Building Bar Muscle-Up Endurance

Building Bar Muscle-Up Endurance

Building Bar Muscle-Up Endurance

Want to build more Bar Muscle-Up Endurance but still stuck at singles when the clock is running and your breathing is taxed?

Not sure where to begin? Our Bar Muscle-Up Endurance program focuses on three vital components of gymnastics movement progress; Building Strength, Building Work Capacity, and building Endurance.


Let’s begin with building strength. It is one of the foundations of all skills. Without strength as your foundation, you will continue to fail when trying to build capacity.

Think of it this way, if you have 5 bags of heavy groceries and do not have the strength to move them all together. You will be stuck grabbing one at a time, which will take you much longer. Once you build the strength, you will be able to carry 3 bags, then maybe all 5 bags together, and over time, you will be able to take just one trip to carry the groceries, rather than five.

The Bar Muscle-Up is a similar concept. Without the strict pulling strength behind the skill, you will only be able to handle single reps. Yet, as you build strength, your muscle fibers will kick in and continue to work for you. Therefore, our focus on building strength to build capacity is an essential component in adding more reps under fatigue.

What does that look like:

We add in weighted reps/sets to pullups and chest-to-bar pull-ups while working on drop sets. Taking sets to failure should activate the full range of high-threshold motor units, which have been shown to have the greatest potential for muscle growth.

Building more strict upper body strength also always translates to better performance of more dynamic movements like the kipping muscle-up.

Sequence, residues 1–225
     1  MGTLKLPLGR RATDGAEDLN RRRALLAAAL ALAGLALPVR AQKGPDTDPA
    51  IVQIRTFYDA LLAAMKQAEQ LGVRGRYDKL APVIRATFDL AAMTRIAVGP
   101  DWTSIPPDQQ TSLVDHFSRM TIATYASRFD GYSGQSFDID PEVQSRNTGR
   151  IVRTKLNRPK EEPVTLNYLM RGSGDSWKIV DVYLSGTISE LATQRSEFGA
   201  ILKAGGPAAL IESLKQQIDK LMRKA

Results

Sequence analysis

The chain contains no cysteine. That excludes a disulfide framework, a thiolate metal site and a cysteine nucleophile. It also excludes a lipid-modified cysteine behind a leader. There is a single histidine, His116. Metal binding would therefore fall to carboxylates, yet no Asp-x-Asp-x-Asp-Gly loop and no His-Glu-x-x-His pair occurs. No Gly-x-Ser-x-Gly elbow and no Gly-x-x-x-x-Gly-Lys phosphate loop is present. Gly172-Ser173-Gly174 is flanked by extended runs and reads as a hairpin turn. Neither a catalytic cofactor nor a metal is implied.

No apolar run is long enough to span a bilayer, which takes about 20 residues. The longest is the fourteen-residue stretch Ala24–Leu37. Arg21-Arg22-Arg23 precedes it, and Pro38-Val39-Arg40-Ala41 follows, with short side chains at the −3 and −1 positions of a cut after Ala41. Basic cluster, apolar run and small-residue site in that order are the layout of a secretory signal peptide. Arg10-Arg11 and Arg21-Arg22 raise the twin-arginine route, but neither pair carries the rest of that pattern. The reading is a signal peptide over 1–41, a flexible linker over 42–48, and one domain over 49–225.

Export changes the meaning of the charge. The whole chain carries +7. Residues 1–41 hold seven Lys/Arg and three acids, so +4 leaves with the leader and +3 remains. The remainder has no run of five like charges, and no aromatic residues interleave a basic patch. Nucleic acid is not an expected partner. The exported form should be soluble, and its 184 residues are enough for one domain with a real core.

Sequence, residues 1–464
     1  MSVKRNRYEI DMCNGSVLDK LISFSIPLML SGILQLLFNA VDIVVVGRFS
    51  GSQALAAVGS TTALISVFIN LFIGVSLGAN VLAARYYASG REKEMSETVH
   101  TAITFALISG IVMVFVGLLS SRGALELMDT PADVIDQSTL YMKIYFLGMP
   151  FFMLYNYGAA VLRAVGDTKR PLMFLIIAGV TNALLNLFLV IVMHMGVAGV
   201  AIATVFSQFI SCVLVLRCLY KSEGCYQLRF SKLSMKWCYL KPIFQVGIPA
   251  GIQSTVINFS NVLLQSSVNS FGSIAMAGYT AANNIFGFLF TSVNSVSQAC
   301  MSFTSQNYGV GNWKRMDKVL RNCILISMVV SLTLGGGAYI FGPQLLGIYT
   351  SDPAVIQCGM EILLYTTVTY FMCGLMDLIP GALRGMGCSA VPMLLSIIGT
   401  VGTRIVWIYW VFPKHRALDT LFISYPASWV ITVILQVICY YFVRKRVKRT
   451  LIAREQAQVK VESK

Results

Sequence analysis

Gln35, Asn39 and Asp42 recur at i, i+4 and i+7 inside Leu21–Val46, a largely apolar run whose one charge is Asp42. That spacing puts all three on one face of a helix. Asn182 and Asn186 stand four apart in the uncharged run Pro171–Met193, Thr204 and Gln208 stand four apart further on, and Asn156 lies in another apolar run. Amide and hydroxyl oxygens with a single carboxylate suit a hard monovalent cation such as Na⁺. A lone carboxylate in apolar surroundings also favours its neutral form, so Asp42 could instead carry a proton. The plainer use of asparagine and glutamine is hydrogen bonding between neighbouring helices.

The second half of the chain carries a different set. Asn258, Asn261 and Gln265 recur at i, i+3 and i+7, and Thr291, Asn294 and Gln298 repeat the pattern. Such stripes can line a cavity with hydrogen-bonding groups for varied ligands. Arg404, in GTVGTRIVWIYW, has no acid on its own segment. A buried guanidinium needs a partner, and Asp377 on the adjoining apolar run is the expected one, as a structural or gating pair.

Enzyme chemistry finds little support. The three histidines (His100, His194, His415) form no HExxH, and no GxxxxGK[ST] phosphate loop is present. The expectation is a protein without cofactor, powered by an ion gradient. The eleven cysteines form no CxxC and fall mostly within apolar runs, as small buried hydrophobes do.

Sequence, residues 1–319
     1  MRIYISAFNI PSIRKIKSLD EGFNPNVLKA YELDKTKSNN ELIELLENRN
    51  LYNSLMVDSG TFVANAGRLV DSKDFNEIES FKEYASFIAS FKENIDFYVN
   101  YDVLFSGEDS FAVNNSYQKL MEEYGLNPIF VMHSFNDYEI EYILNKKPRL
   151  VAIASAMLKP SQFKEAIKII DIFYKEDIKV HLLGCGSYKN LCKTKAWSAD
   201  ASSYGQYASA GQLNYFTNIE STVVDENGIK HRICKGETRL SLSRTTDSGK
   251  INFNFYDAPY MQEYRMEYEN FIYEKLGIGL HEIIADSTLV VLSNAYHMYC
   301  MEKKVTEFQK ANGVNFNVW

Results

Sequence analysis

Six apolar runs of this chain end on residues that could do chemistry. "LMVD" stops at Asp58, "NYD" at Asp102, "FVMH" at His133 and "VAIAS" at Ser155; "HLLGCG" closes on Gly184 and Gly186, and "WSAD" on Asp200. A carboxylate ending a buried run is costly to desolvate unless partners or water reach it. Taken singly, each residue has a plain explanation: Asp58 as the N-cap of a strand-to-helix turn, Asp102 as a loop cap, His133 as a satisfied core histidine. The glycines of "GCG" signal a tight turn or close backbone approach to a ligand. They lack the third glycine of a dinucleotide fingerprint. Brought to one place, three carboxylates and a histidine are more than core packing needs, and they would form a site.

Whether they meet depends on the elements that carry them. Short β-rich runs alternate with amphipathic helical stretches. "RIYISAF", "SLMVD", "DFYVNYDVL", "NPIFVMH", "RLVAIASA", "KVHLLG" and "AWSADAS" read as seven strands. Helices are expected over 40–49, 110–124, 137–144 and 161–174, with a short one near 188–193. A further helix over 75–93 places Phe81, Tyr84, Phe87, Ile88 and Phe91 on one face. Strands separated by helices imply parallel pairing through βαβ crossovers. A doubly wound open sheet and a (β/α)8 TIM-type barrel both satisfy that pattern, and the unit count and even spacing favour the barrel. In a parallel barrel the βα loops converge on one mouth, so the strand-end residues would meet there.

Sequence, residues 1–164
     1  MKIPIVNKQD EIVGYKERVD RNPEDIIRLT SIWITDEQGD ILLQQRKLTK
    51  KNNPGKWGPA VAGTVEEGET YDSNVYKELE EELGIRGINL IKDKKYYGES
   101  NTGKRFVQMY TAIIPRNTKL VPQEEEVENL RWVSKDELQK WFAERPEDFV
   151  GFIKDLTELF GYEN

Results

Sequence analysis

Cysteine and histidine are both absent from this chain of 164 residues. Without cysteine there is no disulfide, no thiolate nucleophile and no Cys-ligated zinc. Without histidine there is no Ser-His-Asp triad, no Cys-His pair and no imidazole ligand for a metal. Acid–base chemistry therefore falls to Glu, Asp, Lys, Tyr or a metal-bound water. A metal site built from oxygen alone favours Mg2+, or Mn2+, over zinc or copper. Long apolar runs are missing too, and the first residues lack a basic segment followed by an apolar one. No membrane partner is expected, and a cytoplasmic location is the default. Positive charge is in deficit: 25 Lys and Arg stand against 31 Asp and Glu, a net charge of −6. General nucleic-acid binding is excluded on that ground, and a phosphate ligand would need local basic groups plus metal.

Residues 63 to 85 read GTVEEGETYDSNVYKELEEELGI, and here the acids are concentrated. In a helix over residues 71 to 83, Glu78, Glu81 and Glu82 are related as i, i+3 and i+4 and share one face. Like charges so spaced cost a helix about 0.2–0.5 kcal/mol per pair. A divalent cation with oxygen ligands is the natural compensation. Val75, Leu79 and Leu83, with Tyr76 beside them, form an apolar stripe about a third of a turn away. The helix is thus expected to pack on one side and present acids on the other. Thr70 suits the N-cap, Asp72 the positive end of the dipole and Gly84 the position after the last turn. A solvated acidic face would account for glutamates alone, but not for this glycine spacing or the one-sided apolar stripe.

Train capacity can incorporate the ability to do work and recover quickly, in order to fire back up the muscles and do it all over again. In physics, work is defined as force times distance (W = F x d). So to build our capacity, we are going to do work [ie: metabolic and musculature drills] recover quickly, then continue to work again.

This will help build our capacity while training for the goal of Bar Muscle-Up Endurance. Over time, as we continue to add more force [the drills] to more reps [the distance] we increase our work capacity.

What does that look like:

We add drills such as Box Bar Muscle-Ups to add more distance and force to our training. Jumping muscle-ups will allow us to build our work capacity and eliminating poor technique over time. This drill is great for focusing on pulling around the bar, rather than to the bar, so it often helps athletes that tend to chicken wing their BMUs.



Our ultimate goal is to gain more reps when we are under fatigue. Endurance can be trained by pushing our limits through practice. Practice is the application of an idea, so if we apply our Bar Muscle-Ups to workouts, we will practice more by forming better muscle memory and endurance. If we practice pushing the “envelope” just a bit more each time, along with training work capacity and strength, we will have a beautiful combination that will allow us to get better over time.

What does that look like:

We will take practical workouts and apply our Bar Muscle-Up so we can continue to practice. Workouts will vary, time domains and muscle groups will be changed up and challenged so work capacity can be pushed to its limit as well.

Example WOD 1:

x20 Bar Muscle-ups for time.

A workout like this aims to build our muscle-up stamina. This is a large volume of BMU to do without any other movements compounding the effects of the workout. Your plan for this WOD should be small, manageable sets that require minimal rest before your begin the next set.

Example WOD 2:

8min AMRAP

  • X8/6 Cals Assault Bike
  • x2-4 bar muscle-ups

This WOD is built differently. Now we’ll challenge our ability to perform muscle-ups while in a more cardiovascularly demanding workout. The Bike Cals will create fatigue and get you breathing hard. We’ll then work small sets of muscle-ups, with your focus being on maintaining good form even under this fatigue.



Let’s face it. Without a plan, a goal is hard to conquer. If you want to build more Bar Muscle-Up Endurance, it is smart to follow a program and plan that is well thought out, easy to manage while continuing your current workout routine, and written by experts in the field. This is a higher-level skill that requires time and attention but you don’t need to dedicate hours and hours a day. That is why our programs are successful. They are easy to manage with a busy lifestyle. So, are you ready to crush your goals?

Start our Bar Muscle-Up Endurance plan today!


Written by:

Pamela Gagnon, Performance Plus Programming